Reading through the animal thread and a conversation with Scrasamax lead to the creation of this thread. For the Adventurer with a taste for exotic meals…may I present. "The Official Strolen Citadel Cookbook".
When dealing with nobility and court settings, players can sometimes skip the roleplay aspect and jump straight to behavior such as, "I bow, greet all in the court, and ask the duke for his assistance." While in most scenarios this type of action is sufficient, taking it a step further can enhance gameplay (or maybe even manipulate a plotline).
I am always giving advice to various gamers on various game forums. I am constantly giving the same advice over and over again (cut/ paste repeat). Once a year I think about the advice and put together The List.
Ok, there is no real place to put this but I think it needs to be said and put up here for everyone to view. This is not for gaming terms, it is not how to view rules or your gamers better. But it is an idea on how to respect your fellow Strolenites.
Sometimes, you just need a new plot.
Does your character use the longbow? Here are some ideas to make the use of the longbow more realistic and more fun. It doesn’t have to be just another weapon. The longbow is a specialized weapon with many characteristics that make it unique and fun to role play with.
Thinking about my game world and what should happen in it in the not so close future, I came to a simple decision: WAR. This is an article on the topic of war.
Excalibur. Stormbringer. Sting. I blame fantasy authors and history professionals that have over simplified things for this preoccupation with swords.
The weather is something that everyone always notices and talks about, but can’t do anything about. It is an important part of everyone’s life, yet it seems to be ignored in games. And everything important in a game is best thought of as a character of some sort.
Although it can be a distraction, it can also add atmosphere to an adventure to have music playing in the background. Here are some pieces I’d recommend for different situations.
Critiques and critics are a necessary evil. Now before anyone gets riled up, let me explain. No one likes to have their ideas picked apart. But we put our selves out there and hope for the best. Here are some tips on being a better critic.
Ruminations on the role of Magic and Food.
Tips on how to create five room dungeons that can be used for any location, are short, are quick to plan, easy to polish and plan, flexible in size and easy to integrate into your campaign.
This is where the citadellians share and collect our tales of playtesting each others submissions.
Game environments are not built with a ruler and some tape, they are built with imagination and an understanding of what is needed to make the game environment. If you take the time to learn about what you will need to do before you being the process, it will make for better results in less time with less work.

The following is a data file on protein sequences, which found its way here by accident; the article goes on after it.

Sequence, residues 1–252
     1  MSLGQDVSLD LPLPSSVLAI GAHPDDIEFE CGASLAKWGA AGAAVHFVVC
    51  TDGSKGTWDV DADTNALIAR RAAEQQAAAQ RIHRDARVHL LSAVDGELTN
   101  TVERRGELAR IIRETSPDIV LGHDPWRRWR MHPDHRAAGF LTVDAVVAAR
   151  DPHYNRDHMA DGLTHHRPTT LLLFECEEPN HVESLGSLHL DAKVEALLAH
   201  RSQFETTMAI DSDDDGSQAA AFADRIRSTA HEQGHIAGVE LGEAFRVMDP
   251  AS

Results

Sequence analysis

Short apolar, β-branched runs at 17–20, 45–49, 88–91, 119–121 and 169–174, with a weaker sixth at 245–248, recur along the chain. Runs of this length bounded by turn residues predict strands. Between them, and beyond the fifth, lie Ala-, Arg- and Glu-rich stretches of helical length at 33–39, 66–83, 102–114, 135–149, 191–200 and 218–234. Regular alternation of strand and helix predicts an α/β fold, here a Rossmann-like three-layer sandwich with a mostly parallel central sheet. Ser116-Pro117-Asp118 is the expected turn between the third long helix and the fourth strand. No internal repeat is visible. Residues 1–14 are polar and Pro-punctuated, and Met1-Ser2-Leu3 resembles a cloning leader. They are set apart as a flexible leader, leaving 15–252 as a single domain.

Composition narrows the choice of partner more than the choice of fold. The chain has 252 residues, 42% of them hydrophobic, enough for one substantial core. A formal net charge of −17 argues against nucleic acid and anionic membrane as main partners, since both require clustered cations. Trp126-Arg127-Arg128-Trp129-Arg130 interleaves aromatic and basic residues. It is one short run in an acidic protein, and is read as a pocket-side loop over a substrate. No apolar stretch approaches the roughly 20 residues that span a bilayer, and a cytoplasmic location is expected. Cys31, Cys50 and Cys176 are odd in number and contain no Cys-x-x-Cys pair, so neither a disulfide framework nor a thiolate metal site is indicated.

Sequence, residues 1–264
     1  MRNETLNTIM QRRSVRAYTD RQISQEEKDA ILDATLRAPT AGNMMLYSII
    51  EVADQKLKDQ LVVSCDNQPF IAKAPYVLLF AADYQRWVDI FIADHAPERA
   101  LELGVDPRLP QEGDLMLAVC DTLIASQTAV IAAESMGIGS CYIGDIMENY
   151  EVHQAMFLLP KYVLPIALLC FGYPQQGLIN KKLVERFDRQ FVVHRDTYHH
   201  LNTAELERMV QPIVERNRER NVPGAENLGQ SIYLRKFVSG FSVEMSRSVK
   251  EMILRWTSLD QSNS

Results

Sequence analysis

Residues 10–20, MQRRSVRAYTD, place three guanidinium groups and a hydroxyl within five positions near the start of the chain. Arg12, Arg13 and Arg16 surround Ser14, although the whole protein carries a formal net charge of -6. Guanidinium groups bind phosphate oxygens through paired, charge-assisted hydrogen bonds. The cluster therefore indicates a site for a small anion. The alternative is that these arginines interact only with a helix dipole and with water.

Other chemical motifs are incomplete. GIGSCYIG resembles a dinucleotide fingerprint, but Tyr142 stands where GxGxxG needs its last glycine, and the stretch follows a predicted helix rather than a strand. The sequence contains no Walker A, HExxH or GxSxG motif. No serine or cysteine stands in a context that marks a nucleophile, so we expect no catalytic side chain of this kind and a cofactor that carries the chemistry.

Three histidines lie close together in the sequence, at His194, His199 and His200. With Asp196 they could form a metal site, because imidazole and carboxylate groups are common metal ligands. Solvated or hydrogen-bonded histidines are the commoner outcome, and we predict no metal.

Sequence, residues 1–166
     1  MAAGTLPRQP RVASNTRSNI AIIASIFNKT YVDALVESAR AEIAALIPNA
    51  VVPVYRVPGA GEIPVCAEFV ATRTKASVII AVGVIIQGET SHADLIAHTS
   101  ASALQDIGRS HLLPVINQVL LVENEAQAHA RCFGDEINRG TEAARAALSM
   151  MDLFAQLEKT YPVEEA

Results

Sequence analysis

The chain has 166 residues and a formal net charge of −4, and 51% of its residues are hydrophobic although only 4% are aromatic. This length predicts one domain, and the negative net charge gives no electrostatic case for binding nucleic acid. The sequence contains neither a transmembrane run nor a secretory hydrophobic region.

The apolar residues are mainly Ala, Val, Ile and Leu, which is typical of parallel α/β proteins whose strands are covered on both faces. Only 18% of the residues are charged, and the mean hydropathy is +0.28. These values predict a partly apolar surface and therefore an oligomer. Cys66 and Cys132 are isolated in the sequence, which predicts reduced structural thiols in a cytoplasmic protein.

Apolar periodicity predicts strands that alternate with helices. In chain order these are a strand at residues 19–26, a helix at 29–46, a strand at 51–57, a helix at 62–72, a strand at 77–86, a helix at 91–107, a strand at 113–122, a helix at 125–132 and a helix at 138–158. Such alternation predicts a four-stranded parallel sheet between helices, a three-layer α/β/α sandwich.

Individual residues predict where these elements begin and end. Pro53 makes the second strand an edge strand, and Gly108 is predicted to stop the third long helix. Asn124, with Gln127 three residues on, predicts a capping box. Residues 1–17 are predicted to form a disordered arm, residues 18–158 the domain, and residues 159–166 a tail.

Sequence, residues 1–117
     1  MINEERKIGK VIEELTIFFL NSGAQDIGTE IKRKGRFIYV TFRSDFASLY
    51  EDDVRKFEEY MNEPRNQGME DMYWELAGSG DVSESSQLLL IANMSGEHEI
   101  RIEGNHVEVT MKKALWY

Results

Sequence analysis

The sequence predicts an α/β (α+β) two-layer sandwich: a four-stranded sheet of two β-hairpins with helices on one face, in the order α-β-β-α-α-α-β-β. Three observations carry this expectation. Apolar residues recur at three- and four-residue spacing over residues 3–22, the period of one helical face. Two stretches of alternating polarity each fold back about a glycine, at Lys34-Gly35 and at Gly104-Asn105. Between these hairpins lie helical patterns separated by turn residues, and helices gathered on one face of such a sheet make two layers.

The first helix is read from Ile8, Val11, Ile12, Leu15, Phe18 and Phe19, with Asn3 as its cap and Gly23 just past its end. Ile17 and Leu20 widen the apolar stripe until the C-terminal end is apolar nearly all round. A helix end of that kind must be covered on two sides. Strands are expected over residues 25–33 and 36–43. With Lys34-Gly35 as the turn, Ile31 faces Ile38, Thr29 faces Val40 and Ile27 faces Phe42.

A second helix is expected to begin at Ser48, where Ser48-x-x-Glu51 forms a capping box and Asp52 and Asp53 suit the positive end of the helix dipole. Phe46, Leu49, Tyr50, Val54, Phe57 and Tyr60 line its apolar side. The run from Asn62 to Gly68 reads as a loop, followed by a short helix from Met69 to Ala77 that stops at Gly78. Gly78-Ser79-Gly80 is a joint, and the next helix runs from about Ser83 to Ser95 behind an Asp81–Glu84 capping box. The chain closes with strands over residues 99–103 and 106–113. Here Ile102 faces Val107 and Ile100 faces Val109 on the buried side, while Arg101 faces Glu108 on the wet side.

If you are new to the site, you might want to read this post.
Many times the Old World has been mentioned in my works. Submitted for your approval…The Old World.
The lowly Undead cannot be a true replacement for a living well-motivated workforce. But Undead do not tire, they do not have moods (well none worth marking), they do not require pay or lunchbreaks, and can work 24/7, if properly controled. So until activists start to fight for Undead rights, they are an interesting option.
Luchildsburg? Yeah I remember that place, they had the black ale that tasted so bad.
30+ Burial Customs for building cultures
The old clock tower stands tall, but the bulk of the uppermost storey is crumbling and unsafe, with gaping cracks in the walls. The metal struts and girders supporting the great bronze bells are still intact, though, and the bells survive. The grotesque gargoyles and arabesques which decorated the original design have either fallen into the street (once or twice a year more bricks fall from the tower, prompting calls for its demolition) or have been defaced, but the main doors to the clock tower are still intact and show signs of being kept in working order. This is the home of The Captains, clad in raggedy clothes, with sooty faces, and perpetually runny noses. But behind each set of eyes is the look of a survivor. They live to stick together and make it through each day. Older than their years in many ways, the friendship they share with each other and Wims ghost keeps the core of a childs innocence and hope alive in each. But they are still very suspicious of outsiders. They are a group of street children who live in the clock tower. Some are orphans, some runaways, and some nomads who occasionally return to their homes. But they’re all poor, dirty and perpetually hungry, as well as being wily, unscrupulous and mischievous in a fairly brutal way. Enough of them have suffered at the hands of adults for all of them to be wary of any grown-ups, particularly ones who ask too many questions, although with hard work and a lot of food it might be possible to win the confidence or even the trust of a few of them.